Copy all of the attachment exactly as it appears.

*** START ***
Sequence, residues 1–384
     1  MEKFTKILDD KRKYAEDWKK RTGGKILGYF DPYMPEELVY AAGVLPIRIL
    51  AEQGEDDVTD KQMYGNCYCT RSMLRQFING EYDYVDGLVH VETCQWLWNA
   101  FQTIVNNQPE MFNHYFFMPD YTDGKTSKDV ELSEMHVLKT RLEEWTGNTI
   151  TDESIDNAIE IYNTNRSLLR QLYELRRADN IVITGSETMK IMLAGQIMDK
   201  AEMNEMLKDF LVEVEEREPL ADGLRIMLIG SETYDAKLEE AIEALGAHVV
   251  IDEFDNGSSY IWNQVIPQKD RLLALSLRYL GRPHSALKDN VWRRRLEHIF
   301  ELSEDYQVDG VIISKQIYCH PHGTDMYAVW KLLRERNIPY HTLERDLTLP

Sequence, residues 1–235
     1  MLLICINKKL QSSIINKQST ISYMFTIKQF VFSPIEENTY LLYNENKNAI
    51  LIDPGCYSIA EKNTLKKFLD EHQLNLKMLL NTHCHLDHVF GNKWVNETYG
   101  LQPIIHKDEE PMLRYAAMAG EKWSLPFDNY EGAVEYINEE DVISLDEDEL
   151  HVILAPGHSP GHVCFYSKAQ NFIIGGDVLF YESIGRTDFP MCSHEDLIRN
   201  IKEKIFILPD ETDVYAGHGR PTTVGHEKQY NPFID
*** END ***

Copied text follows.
Sequence, residues 1–384
     1  MEKFTKILDD KRKYAEDWKK RTGGKILGYF DPYMPEELVY AAGVLPIRIL
    51  AEQGEDDVTD KQMYGNCYCT RSMLRQFING EYDYVDGLVH VETCQWLWNA
   101  FQTIVNNQPE MFNHYFFMPD YTDGKTSKDV ELSEMHVLKT RLEEWTGNTI
   151  TDESIDNAIE IYNTNRSLLR QLYELRRADN IVITGSETMK IMLAGQIMDK
   201  AEMNEMLKDF LVEVEEREPL ADGLRIMLIG SETYDAKLEE AIEALGAHVV
   251  IDEFDNGSSY IWNQVIPQKD RLLALSLRYL GRPHSALKDN VWRRRLEHIF
   301  ELSEDYQVDG VIISKQIYCH PHGTDMYAVW KLLRERNIPY HTLERDLTLP

Sequence, residues 1–235
     1  MLLICINKKL QSSIINKQST ISYMFTIKQF VFSPIEENTY LLYNENKNAI
    51  LIDPGCYSIA EKNTLKKFLD EHQLNLKMLL NTHCHLDHVF GNKWVNETYG
   101  LQPIIHKDEE PMLRYAAMAG EKWSLPFDNY EGAVEYINEE DVISLDEDEL
   151  HVILAPGHSP GHVCFYSKAQ NFIIGGDVLF YESIGRTDFP MCSHEDLIRN
   201  IKEKIFILPD ETDVYAGHGR PTTVGHEKQY NPFID